The APC presents what Nigeria has not had, almost since independence; a veritable alternative to the ruling party in terms of numerical strength, geographical spread, number of national and state legislators, the number of governors who could match the centre cash for cash, rigging for rigging, influence for influence.
The result is that suddenly, the President is not as powerful as Obasanjo made it. Or, to put it in another way, more apt too, Obasanjo and the early Jonathan used their presidential powers too imperially that just like Hitler’s Germany, it became natural for opposition against them to flourish.
Even now that the APC has acquired the majority status in the House of Representatives and may do the same in the Senate before 2015, just next year, is Jonathan’s ambition dead even before he has publicly owned up to it? No, is the obvious answer. But his ambition, whether declared or undeclared is not only real, it will not brook any opposition within the PDP. That much has been made clear already, ensuring that opposition against him will calcify or wither away under a superior force. So, Jonathan’s success within the PDP has nothing to do with the popular notion of democracy.
Also, Jonathan and his supporters within the PDP will do all in their powers to whittle down the cohesion in the APC and to sow seeds of discord there. So, members of APC should expect internal battles aplenty as members from disparate backgrounds begin to fight for turf and supremacy as such battles would be exacerbated by mercenaries in PDP’s and Jonathan’s pay.
Jonathan’s real strength lies in the fact that he controls the security forces as well as INEC. Together, they control the distribution of electoral materials, over-sees real election and result coalition. A sitting President with little social conscience (and just like Obasanjo, Jonathan has displayed little of such) will willingly abuse state powers, spit on democratic principles just to have his way.
Yet, what happens at the state level will also impact at Jonathan’s chances in the centre. In 2011, President Jonathan had enough powers to just telephone an Onyema Ugochukwu who was cranking up his own governorship race engine, to accompany a governor Theordore Orji of Abia state on his maiden visit to the PDP Wadata Plaza national headquarters, Abuja, and he obeyed without asking any questions. But that was in pre-APC Nigeria. Under today’s dispensation, the PDP should be careful in the way it awards its governorship ticket to lackeys based on nothing but the President’s whims and caprices. Now they have avenues to stand and rebel!
For instance, if Jonathan intervenes unduly in Delta State politics and anoints an Abuja faithful, the more popular aspirants could rally around one of their own, storm out of the party and present a formidable opposition to both the PDP and the President. So the birth of APC may help ensure internal democracy in the parties because if a PDP chieftain loses a state party governorship flag in a transparent way, he may likely remain in the party even while licking his wounds. So too for the APC.
In the main, the arrival of the APC in today’s Nigeria has left the question of Jonathan’s chances in 2015 more open. Ordinarily, by now it would have remained a totally foreclosed one. A wise Jonathan may reconcile the warring factions in the PDP and brighten his chances – but that is unlikely. A few desperate governors who defected from the PDP to APC will obviously return when faced with insurmountable opposition there as well as Jonathan’s reconciliation promises, but that will not be enough to stem the tidal wave of disaffection that has arisen against the President.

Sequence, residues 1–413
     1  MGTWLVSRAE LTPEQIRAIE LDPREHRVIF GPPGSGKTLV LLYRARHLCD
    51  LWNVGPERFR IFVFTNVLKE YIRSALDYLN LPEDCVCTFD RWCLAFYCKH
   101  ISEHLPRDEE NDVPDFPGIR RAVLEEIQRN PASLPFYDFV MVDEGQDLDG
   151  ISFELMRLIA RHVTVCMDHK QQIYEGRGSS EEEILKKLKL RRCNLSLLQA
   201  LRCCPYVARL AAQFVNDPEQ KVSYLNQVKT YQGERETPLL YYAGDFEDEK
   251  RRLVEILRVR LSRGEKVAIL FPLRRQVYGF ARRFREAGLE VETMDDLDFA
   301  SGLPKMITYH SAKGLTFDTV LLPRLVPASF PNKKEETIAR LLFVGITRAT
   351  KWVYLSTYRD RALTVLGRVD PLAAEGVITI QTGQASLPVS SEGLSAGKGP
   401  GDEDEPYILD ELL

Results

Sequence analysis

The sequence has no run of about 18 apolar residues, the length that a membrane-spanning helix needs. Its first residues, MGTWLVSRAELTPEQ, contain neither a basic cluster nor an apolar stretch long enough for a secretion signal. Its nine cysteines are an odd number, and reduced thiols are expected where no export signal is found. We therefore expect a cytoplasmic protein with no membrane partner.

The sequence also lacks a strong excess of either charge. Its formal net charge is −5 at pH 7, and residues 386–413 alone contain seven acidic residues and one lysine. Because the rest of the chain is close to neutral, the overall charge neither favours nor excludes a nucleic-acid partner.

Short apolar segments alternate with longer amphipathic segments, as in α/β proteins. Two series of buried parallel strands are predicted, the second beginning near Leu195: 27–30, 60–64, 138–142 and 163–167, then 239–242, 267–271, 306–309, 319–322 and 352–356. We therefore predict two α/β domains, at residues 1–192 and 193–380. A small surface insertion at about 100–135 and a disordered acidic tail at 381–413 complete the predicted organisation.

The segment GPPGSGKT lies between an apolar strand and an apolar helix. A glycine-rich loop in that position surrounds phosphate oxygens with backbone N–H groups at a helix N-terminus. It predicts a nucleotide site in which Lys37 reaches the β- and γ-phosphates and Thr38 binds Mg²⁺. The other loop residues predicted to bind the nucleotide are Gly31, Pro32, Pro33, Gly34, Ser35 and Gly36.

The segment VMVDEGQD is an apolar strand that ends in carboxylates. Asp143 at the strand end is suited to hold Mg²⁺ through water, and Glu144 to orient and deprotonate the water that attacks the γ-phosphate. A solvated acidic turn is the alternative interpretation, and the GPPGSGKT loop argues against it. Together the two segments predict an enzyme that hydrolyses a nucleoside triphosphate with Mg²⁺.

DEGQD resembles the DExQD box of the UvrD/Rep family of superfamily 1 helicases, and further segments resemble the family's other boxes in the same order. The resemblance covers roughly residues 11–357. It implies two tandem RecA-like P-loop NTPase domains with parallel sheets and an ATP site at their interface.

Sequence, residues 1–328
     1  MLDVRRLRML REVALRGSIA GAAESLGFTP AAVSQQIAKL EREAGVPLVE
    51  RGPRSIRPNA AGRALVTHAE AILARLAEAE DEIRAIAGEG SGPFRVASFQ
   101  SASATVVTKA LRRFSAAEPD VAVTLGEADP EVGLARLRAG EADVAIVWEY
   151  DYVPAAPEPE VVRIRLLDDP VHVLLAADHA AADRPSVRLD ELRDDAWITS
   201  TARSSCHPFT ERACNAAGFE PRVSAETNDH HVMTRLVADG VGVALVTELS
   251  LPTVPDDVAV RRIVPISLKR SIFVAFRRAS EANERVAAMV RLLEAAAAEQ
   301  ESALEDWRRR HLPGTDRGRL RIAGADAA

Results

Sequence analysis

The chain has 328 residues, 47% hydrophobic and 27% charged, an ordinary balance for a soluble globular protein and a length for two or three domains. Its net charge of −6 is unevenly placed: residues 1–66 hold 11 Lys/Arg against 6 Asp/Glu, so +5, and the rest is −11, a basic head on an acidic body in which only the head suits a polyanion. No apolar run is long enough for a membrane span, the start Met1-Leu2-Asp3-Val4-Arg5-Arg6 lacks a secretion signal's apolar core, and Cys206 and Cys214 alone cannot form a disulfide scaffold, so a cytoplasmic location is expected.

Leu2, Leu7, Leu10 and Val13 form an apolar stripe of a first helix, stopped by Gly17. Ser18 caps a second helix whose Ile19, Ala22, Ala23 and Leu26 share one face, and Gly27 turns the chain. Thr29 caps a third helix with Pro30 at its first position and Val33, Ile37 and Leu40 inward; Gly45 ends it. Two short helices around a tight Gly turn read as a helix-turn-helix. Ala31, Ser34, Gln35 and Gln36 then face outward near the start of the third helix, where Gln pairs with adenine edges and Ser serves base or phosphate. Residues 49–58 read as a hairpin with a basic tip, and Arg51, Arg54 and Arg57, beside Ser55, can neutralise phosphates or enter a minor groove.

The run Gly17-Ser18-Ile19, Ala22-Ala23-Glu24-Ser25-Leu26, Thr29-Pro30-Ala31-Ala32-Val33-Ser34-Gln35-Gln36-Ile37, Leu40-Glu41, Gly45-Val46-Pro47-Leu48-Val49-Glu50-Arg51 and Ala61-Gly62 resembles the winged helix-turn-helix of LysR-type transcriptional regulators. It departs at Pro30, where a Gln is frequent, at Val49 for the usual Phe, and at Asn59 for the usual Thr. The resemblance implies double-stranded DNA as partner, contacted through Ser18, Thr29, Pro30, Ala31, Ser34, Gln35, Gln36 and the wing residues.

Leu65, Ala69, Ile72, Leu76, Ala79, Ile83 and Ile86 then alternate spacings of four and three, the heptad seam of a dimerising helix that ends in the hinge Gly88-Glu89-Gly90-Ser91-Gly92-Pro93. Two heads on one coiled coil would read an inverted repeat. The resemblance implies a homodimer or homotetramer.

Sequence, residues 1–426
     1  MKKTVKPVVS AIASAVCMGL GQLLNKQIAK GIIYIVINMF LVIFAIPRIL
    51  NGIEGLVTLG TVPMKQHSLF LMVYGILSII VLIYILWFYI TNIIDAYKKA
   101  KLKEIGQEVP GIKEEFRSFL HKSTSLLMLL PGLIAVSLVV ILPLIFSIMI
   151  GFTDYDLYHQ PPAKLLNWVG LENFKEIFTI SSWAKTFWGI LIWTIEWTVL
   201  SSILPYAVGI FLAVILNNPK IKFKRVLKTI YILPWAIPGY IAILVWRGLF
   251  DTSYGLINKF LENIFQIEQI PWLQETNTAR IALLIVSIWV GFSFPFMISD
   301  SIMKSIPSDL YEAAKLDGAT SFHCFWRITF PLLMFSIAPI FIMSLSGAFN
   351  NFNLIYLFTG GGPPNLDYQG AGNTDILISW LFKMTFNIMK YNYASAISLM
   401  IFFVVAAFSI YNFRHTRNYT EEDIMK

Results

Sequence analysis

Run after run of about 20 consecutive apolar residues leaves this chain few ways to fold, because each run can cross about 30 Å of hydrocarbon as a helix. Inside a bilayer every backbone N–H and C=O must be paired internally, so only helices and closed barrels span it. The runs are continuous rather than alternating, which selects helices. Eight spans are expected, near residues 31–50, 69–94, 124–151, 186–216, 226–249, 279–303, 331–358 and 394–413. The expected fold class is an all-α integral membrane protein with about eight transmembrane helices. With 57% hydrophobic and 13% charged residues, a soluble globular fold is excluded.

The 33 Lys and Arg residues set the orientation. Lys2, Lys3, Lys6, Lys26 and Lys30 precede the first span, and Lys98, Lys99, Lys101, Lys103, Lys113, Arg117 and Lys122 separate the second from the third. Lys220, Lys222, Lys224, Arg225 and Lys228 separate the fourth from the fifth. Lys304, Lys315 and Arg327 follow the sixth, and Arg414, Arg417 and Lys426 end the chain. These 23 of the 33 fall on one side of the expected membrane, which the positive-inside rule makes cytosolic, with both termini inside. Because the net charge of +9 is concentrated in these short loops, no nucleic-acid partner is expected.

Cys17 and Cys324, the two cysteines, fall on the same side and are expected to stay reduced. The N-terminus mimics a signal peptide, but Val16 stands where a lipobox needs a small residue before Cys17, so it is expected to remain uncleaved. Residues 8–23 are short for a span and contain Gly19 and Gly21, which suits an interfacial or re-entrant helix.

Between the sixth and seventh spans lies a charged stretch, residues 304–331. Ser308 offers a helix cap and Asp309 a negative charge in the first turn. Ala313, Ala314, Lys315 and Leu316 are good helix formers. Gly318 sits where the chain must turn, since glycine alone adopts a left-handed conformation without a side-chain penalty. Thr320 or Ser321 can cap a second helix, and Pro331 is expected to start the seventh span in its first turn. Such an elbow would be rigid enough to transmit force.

Yet, it is likely that the PDP will be, as the run up to the 2015 election progresses, just the shell of PDP; a large portion of its gut, body and soul already gone. The Presidency will fight back with everything in its armoury –including rigging, sending the EFCC against its enemies, etc. But it will always help Jonathan to remember that there is always the X-factor in Nigerian politics; that great unknown which ensured that despite the largest bribery campaign to deface Nigerian history (amounting to over USD $5 billion), Obasanjo still lost the Third Term tenure elongation bid. He had cowered or bought almost everybody…yet he lost.
Still, it must be noted that Obasanjo knew where to stop. When the Third term bid failed, he never tried to resuscitate it. Gen Ibrahim Babangida (rtd) did not know where to stop, and because of that Nigeria suffered untold upheaval. Gen Sani Abacha wanted to perpetuate his rule and did not know where to stop. But Obasanjo knew where and when to stop. It is likely that Obasanjo’s letter to Jonathan was a wake up call to recognize where to stop. But would Jonathan know where to stop? That is an open question.
Yet, it must be understood that the options are not left for Jonathan alone. When all else fails in Nigeria, there is always the X-factor, an intangible thing that springs up in times of great crisis and resolves matters – be it IBB’s recalcitrance, Abacha’s life-presidency dreams, Obasanjo’s “I am Nigeria and Nigeria is me” third term ambition. With APC’s arrival the X-factor may be imperceptibly coming to birth in Nigeria once again. For instance, any APC outcry against the PDP’s rigging, for instance the 2015 election, will no longer be restricted to the South-West or the North-West and North-East as before, but it could be nation-wide with all its security ramifications.
Hey, did you notice something hidden in that last paragraph? It also means that an APC candidate, if APC gets its acts right may receive massive support across the South-West, North-West and North-East. If this scenario plays out, the PDP can as well kiss the Presidency goodbye.
President Goodluck Jonathan must go back to the table now and begin to play his political cards right supported by his impressive achievements in certain sectors of the economy, to win in 2015 and salvage what is left of the PDP and his presidency.